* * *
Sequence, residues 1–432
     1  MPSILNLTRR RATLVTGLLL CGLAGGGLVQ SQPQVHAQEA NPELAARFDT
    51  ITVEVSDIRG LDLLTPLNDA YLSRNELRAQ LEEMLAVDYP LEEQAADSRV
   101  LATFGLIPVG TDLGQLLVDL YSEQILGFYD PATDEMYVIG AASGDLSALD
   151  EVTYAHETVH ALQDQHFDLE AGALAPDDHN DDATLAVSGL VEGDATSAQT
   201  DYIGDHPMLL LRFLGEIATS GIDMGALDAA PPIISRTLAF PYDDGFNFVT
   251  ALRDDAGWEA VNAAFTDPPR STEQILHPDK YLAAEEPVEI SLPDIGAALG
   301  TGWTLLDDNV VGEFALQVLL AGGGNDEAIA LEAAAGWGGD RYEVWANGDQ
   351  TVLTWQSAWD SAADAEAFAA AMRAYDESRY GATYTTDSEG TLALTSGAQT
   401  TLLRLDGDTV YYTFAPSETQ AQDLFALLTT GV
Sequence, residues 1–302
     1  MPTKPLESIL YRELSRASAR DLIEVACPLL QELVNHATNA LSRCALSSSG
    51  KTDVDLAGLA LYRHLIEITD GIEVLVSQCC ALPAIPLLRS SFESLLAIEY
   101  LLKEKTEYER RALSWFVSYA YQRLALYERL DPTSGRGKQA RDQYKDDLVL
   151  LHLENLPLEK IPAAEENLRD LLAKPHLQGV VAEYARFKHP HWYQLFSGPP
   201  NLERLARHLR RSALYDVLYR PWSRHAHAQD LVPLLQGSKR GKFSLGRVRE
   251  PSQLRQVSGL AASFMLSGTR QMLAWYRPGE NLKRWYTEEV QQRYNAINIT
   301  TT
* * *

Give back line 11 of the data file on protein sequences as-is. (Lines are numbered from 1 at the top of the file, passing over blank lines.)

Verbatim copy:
Sequence, residues 1–302